Elvis Dumervil signing confirms that Ozzie Newsome always has a plan

(Credits: Ron Chenoy-USA TODAY Sports)

(Credits: Ron Chenoy-USA TODAY Sports)

Ozzie Newsome is considered by many to be one of the best — if not the best — general managers in the NFL. This offseason, following a second Super Bowl victory during the past 12 seasons, might confirm why Newsome is perhaps the best team builder in the NFL.

The reigning Super Bowl champions traded wide receiver Anquan Boldin, released strong safety Bernard Pollard, lost linebackers Paul Kruger (Cleveland Browns) and Dannell Ellerbe (Miami Dolphins), cornerback Cary Williams (Philadelphia Eagles) and free safety Ed Reed (Houston Texans) in free agency, all following the retirements of center Matt Birk and middle linebacker Ray Lewis. That’s six defensive starters — and eight starters overall — gone from Baltimore’s Super Bowl-winning team.

If there’s one thing Ravens fans have learned about Newsome over the years, it’s that he always has a plan. This offseason has been no different. He added a pair of defensive linemen in Chris Canty and Marcus Spears to help improve last season’s 20th-ranked run defense (122.8 yards per game).

As part of Newsome’s plan to rebuild the league’s 17th-ranked defense, he snagged defensive end Elvis Dumervil off the free-agent market. Dumervil, whose attempt to agree to a restructured deal with the Denver Broncos fell through in bizarre fashion, hit the open market March 16.

Baltimore and Dumervil agreed to a five-year deal for a maximum of $35 million, according to multiple reports. It includes $12 million in guaranteed money and $8.5 million for the 2013 season. His cap hit for the coming season will be just $2.5 million, leaving the Ravens with about $5 million of salary cap space, according to Jeff Zrebiec of The Baltimore Sun.

The Ravens still have other areas to address on the defensive side of the ball, most notably at safety with the losses of Reed and Pollard, last year’s starters. But the Ravens are moving in the right direction as the addition of Dumervil should be considered a major upgrade over Kruger, who led the team with nine sacks last season.

The 5-foot-11, 260-pound Dumervil, known for his high motor, has averaged the fourth-most sacks per game — .70 — over the past seven seasons among players with at least 40 sacks. He recorded 11 sacks this past season and an NFL-high 17 during the 2009 campaign. His 63.5 career sacks are the seventh-most since entering the NFL in 2006.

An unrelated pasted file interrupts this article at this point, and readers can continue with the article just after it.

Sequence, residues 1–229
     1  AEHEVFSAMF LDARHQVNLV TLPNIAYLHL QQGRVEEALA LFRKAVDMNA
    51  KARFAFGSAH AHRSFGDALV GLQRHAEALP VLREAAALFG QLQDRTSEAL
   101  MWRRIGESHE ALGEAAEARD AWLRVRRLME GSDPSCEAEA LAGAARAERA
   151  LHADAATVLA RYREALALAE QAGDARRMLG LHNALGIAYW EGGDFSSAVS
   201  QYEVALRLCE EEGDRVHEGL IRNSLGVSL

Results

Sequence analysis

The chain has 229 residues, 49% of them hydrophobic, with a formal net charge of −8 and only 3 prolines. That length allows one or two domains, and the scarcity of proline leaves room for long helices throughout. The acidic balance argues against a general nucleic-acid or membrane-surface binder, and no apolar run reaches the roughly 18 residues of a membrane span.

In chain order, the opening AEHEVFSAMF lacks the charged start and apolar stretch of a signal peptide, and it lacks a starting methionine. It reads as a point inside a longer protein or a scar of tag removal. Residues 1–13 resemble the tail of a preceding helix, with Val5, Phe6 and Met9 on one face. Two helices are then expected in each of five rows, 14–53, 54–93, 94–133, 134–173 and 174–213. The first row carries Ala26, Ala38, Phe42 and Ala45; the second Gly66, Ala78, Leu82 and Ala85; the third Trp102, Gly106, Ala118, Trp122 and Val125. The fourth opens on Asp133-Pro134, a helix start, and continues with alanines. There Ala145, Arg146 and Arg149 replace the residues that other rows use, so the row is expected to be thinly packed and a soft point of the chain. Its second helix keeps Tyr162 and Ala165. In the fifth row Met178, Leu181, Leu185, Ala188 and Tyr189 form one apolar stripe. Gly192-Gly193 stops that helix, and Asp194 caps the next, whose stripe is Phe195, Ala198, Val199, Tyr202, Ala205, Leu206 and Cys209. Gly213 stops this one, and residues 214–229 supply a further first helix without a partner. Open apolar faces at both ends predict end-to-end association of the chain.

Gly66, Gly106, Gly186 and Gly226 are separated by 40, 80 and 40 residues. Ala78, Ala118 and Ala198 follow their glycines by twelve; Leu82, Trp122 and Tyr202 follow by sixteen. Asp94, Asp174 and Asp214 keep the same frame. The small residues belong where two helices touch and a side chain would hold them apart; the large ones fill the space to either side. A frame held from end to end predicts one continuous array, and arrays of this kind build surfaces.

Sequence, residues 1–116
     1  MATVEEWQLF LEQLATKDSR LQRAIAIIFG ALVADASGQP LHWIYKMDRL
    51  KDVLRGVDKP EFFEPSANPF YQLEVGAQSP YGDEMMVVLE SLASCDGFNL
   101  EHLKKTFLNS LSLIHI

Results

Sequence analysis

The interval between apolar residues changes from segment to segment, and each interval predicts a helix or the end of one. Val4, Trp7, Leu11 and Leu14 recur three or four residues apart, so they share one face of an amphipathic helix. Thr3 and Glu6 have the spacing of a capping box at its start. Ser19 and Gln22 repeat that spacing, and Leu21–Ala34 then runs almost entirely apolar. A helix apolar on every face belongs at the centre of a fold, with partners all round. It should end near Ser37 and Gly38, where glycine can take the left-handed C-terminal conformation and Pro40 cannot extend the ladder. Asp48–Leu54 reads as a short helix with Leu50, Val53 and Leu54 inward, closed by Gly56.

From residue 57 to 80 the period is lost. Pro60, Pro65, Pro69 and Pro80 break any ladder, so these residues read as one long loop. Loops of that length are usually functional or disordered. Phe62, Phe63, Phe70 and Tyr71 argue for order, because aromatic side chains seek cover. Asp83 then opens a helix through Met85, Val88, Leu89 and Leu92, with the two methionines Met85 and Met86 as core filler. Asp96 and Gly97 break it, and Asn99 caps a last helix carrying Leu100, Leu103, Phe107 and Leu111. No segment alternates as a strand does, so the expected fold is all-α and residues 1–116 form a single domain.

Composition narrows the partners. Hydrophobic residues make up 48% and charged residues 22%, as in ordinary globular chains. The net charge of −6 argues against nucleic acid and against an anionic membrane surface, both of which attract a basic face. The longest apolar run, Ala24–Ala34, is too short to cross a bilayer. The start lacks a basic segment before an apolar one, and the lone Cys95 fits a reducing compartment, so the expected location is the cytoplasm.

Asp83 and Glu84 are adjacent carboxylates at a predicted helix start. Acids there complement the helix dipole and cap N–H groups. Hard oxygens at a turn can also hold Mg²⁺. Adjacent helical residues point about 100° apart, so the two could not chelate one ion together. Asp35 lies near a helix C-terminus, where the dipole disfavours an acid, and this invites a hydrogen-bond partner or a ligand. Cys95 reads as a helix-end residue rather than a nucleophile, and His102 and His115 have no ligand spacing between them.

As for his predecessor, Kruger — whose five-year deal with the Browns is worth $40 million, which includes $20 million guaranteed — he only registered 15.5 sacks in four seasons with the Ravens. With Terrell Suggs, the 2011 NFL Defensive Player of the Year, sidelined for the first six weeks last season, Kruger had just 1.5 sacks. But after Suggs returned, Kruger had 7.5 sacks during the last eight games, which tied him for fifth in the NFL over that span. That’s telling.

Dumervil figures to make the transition to outside linebacker in the Ravens’ 3-4 defensive scheme. The 29-year-old Dumervil is no stranger when it comes to playing in that scheme, though, as he thrived in it when Denver used it from 2009 to 2010.

Though Dumervil is not particularly stout against the run, playing in a 3-4 should help minimize his struggles against the rush. He graded out as the Broncos’ third-worst run defender last season, according to Pro Football Focus. Despite his deficiencies against the run, Dumervil, unlike Kruger, who finished second-to-last in that category for Baltimore, will likely be an every-down linebacker.

The Ravens’ defense (what’s left of it) was scrutinized to begin the offseason, but Newsome stayed the course. All of the sudden, with Dumervil in the mix, Baltimore has the possibility of getting better on that side of the ball in the coming season — even with six new starters suiting up.